Dancer finds purpose teaching persons with Parkinson’s disease | Lifestyle.INQ

OCTOBER 27, 2022

Bereber’s animated teaching style engages persons with Parkinson’s disease.
Bereber’s animated teaching style engages persons with Parkinson’s disease.

Sitting in a chair, choreographer Novy Bereber gracefully unfurled his arms and swayed them, inviting the audience to imagine themselves as a tree. As he circled his wrists and extended his arms, he told the viewers to feel as if they were branches spreading out into space and bearing imaginary fruits.

Bereber explained that the teacher must be creative in working with persons with Parkinson’s disease (PD). “They are treated like normal people or like dancers in a class. The words ‘exercise’ and ‘therapy’ are avoided. You feed them with images instead of commands.”

The online class was streamed from the West Visayas State University Cultural Center in Iloilo City. He took time off from rehearsals for the grand launch of a fundraising concert for Sayaw PD, Dance for Parkinson’s. Since 2020, the site has established a cult following on Facebook and Zoom. The online classes began in Sydney, where he was based for nearly two decades. Bereber recently returned to his roots in Iloilo to establish Sayaw PD’s home base.

His mission is to raise funds to build a small community center, with a studio and PWD facilities. The goal of this hub is to educate people about Parkinson’s disease and to train teachers for PD- specific dance classes.

Enjoy and socialize

Parkinson’s disease is the gradual worsening of movements due to the degeneration of cells in the nervous system. It is manifested by quivering of the joints and head, balance difficulties and slowness in walking.

Contrary to misconceptions that patients risk falling in movement classes, studies have shown that PD-specific dance classes address symptoms by stimulating the mind through learning new steps, responding to music and coordinating the body. A regular session of three times a week helps to improve balance, cognition and motor skills. Bereber’s thrust is to enable the patients to enjoy dance and socialize with others to build self-esteem and prevent depression.

His foray into PD-specific dance classes was the climax of a career as a dancer and choreographer.

After performing with Ballet Manila and Ballet Philippines, he evolved into a choreographer for events at the Cultural Center of the Philippines. He has had extensive experience dancing overseas, and choreographed the Mardi Gras closing party in Sydney in 2011.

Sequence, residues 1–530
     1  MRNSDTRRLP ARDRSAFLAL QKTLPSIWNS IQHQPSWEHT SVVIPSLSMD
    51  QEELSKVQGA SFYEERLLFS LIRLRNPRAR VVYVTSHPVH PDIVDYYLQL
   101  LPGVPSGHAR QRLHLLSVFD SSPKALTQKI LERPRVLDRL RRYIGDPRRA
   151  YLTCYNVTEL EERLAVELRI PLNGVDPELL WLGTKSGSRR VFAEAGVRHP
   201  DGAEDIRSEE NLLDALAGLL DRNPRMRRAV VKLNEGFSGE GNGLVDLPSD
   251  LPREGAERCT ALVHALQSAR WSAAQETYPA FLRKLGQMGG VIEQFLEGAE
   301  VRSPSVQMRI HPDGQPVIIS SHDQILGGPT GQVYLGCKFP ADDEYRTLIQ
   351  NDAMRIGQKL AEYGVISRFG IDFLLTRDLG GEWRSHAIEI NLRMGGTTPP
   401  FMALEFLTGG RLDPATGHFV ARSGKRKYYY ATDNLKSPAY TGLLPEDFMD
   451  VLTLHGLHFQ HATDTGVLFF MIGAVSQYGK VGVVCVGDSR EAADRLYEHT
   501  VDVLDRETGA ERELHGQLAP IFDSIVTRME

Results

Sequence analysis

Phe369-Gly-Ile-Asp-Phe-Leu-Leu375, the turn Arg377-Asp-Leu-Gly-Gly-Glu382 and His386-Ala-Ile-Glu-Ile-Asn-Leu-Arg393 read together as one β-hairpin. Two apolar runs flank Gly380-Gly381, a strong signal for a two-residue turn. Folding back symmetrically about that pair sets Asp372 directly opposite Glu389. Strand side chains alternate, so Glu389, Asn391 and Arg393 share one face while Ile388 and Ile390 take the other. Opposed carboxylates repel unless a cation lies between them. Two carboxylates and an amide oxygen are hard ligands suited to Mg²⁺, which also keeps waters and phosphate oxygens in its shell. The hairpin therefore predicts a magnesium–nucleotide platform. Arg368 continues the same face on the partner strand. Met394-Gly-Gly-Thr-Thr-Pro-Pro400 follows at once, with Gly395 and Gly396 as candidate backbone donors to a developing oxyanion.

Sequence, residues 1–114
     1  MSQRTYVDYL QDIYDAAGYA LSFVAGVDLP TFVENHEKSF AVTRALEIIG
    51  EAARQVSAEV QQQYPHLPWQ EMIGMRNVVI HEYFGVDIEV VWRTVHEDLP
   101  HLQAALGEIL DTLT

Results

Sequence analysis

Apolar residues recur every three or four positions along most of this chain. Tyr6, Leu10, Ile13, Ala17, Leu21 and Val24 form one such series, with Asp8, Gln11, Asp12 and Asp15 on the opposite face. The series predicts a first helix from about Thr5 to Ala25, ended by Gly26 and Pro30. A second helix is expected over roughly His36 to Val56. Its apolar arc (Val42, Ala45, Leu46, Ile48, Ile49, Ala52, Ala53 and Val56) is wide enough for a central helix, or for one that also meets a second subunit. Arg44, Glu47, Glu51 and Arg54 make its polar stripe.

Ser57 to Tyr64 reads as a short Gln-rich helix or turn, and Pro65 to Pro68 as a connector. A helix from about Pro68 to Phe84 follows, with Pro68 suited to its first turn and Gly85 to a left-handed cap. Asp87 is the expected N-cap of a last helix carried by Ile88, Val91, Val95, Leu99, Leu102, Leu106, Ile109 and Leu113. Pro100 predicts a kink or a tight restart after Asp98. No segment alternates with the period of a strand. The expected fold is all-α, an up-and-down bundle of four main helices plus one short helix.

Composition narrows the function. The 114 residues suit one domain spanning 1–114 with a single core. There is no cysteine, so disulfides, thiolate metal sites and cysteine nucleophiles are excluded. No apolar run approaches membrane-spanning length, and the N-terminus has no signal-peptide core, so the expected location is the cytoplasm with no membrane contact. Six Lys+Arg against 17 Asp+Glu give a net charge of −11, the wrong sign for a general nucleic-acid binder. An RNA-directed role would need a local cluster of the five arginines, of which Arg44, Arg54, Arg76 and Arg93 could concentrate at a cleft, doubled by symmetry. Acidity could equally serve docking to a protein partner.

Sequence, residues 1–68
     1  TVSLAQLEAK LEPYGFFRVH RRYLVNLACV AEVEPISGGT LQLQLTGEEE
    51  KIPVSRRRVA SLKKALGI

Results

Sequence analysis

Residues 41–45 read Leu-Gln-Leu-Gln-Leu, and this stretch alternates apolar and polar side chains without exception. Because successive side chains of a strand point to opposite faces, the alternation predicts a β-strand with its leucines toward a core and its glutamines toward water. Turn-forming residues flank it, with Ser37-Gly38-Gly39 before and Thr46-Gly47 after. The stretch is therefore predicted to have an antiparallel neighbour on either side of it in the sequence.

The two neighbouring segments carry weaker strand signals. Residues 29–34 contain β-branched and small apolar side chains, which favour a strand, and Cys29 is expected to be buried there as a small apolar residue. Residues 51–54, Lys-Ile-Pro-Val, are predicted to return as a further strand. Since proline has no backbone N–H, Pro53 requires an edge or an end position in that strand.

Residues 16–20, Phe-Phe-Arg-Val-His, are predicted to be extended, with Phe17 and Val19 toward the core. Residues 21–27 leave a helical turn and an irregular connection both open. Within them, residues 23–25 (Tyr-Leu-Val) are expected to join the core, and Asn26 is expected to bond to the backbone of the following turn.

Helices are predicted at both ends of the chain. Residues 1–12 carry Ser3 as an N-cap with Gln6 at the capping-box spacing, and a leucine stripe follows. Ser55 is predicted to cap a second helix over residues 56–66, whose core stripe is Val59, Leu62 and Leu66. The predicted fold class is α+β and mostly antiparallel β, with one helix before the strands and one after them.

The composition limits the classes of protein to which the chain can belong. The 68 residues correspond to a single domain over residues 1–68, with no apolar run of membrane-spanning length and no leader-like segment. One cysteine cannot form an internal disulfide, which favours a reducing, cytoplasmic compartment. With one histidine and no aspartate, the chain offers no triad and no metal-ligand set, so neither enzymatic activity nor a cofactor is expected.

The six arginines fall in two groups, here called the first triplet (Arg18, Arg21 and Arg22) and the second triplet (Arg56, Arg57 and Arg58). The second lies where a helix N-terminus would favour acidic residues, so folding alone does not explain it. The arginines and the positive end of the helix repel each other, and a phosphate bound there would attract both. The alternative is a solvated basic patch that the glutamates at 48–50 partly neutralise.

Novy Bereber teaching online

Novy Bereber teaching online

To fulfill his ultimate dream of performing at the Sydney Opera House, Bereber returned to the stage as a dancer in “The King and I” with Lou Diamond Philips and Jason Scott Lee. One day, he realized that he could no longer keep up with the younger dancers, and wanted out. A sign at the opera house invited participants to a teacher training program for Parkinson’s disease.

Finding the self

“On the first day of the workshop, I felt a slap on my face. Here I was complaining, and there were people who didn’t enjoy quality of life because of their disability. I felt this was my calling,” he said.

Bereber trained in Australia and advanced his knowledge at the Mark Morris Dance Group in New York. He trained under David Leventhal, program director and founding teacher of Dance for PD.

Bereber’s animated teaching style engages persons with Parkinson’s disease.

Bereber’s animated teaching style engages persons
with Parkinson’s disease.

In an interview, Leventhal explained that the elements that dancers work on to achieve maximum performance are likewise valuable for people with PD. He cited shifting weight, finding balance, being able to express ideas and stories with the body, coordinating different movements at the same time, feeling various movement qualities, and integrating music as the motivation for the movement may seem challenging for people with PD, but are important for them to work on.

“Dance packages these into an enjoyable experience, so you don’t feel as if you are exercising,” said Leventhal.

Bereber has also benefited from the healing effects of Dance for PD on himself. “I have learned to be more sympathetic. Yet these patients should be treated with respect like normal adults, and not spoon-fed like children. When they see your good intentions, they will follow you.”

He recalled that during the lockdown in Sydney, his online classes in Sayaw PD supported his mental health. “I had my personal issues, as well. I didn’t know who I was. Through SayawPD, I regained my identity. If it helped me to find myself, I hope that this program would help others to believe in themselves, too.”